For Kurtis Fogel, Monday night means hordes of half-drunk underclassmen storming down Sherman, vying to visit whichever bar would let them in. Whether at Nevin’s Restaurant, where Fogel works as a bouncer and bartender, or one of the other bars nearby, people of all kinds venture downtown for drinks. But on this night, a new standard was set. And he’s happy about it.
“Holy shit, it’s on!” Fogel shouted from outside the bar, pressing his tattered baseball cap up against the bar window to see the TV screen inside. He was on his smoking break, but he could still see the news flashing across the screen: the Keg of Evanston had finally been shut down.
Evanston Mayor Elizabeth Tisdahl made the decision official Monday when she issued a public statement explaining her decision to revoke the bar’s liquor license. Following Friday’s Liquor Control Board hearing, the town had said its final decision would be pushed until Tuesday. However, the bright orange revocation notice had already been taped to the bar’s door by Monday evening, closing it indefinitely.
By the time the news report reached the TV in Nevin’s, Fogel was giddy.
“It’s just awesome—we’re going to get all their business now,” said Fogel, who has lived in Evanston his whole life.
Northwestern students, who made up a substantial amount of TKOE's business, flocked to Nevin’s Monday to mourn the loss of the bar around the corner. Few of them shared Fogel’s excitement upon hearing the news.
“I think this was a bit drastic—I honestly didn’t think they were going to do it,” said Weinberg senior Dan Mescher. “It seemed like they’d gotten tons of warnings before, but no one was ever going to do anything about it.”
To other students, however, the Keg's closing was long overdue. Communication senior Paris West said she assumed the bar would meet its fate a long time ago.
“I’m just surprised it took them this long to close it,” West said. “It’s sad for Northwestern as a whole, though, because that was the place where underage drinkers always went. Nothing could take the place of the Keg.”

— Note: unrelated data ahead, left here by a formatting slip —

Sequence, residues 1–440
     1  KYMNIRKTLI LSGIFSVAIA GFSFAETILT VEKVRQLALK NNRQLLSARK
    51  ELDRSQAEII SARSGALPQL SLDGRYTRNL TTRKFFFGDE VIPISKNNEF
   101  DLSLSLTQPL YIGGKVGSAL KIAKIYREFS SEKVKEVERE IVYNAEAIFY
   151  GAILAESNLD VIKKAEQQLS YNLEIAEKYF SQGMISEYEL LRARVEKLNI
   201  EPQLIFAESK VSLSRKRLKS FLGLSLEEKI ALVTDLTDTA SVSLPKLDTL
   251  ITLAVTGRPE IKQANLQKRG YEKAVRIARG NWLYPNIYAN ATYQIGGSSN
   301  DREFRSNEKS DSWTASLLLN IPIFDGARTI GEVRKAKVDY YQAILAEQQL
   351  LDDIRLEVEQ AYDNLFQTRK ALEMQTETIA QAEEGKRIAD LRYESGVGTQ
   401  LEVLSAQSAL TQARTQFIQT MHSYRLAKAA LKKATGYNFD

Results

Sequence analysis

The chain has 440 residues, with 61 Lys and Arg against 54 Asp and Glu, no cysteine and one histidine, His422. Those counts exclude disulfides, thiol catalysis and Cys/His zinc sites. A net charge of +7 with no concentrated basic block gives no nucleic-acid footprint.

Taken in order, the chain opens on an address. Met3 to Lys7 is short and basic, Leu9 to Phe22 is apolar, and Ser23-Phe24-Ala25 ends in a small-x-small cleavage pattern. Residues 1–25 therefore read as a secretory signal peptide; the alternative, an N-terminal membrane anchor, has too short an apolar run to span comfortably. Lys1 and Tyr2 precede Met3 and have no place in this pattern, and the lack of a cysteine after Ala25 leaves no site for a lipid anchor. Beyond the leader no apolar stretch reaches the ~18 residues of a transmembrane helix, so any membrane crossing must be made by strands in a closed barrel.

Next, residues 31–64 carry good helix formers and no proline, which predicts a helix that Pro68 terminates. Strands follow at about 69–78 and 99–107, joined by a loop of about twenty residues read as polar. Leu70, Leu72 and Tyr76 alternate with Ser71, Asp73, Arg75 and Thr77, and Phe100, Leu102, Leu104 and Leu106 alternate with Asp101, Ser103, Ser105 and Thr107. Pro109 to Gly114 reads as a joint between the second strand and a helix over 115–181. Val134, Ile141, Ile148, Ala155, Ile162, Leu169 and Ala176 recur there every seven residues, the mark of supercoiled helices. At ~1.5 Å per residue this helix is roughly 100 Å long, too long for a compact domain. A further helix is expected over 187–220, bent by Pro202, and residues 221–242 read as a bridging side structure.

Mixed nostalgia for the closed bar was a common feeling among the students that filled Nevin’s on Monday. For Weinberg senior Simone DeJarnett, the Keg’s absence left a hole that other nearby bars couldn't fill.
“It’s a little sad—the Keg was really a part of Northwestern,” Dejarnett said after making a toast to the bar with her friends. “Yeah, it was a gross bar, but it was our gross bar. It was where we hung out and danced and reminisced.”
Mescher felt differently.
“[The Keg] was the kind of bar you’d regret going to, and I really don’t think I’m going to miss it,” Mescher said. “It was the kind of place you’d never really plan on going to—sometimes you’d just find yourself there.”
No matter what kind of bar the city of Evanston would be losing in the Keg, most agreed that its absence would have a palpable impact on the Northwestern community. Communication senior Jeffrey Hornof said that—in the midst of the uproar over underage drinking—the town ignored a major consequence of the bar’s closing.
“The bigger issue here is what will happen when you take away a place for people to get drunk,” Hornof said. “Underage drinkers will drink wherever they can, and now they’ll just be spending more time drinking at off-campus parties where they’ll upset other residents.”
The question of where underage students will turn for alcohol bothered other Nevin’s patrons, like Weinberg sophomore Alex Jakubowski, who expressed concern in a different way.
“I’m so pissed! I can’t believe she closed it!” Jakubowski yelled to his friends at the bar. “[Mayor Tisdahl] ran on a platform of making residential communities safer and ending residential parties, and instead she shuts down the town’s only dive bar. Now people are going to go to a lot more off-campus parties and get a lot more drinking citations.”
By closing the Keg, Jakobowski said, the town government is putting an unenforced law before the town’s well-being.
“I know illegal things are going on, but is it more important to follow the law to the absolute T, or to do what’s best for the community?” he said. “I think they made the wrong call here.”
It’s anyone’s guess as to where underage drinkers will find booze now, but Fogel is sure it won’t be at Nevin’s. As the news report flashed images of the fake IDs Nevin’s had accumulated, Fogel grinned and boasted about all the ones he’d caught himself.
“We just run a much better business than they did,” he said. “We’re the bar that cards people, and they’re the ones who let in fakes.”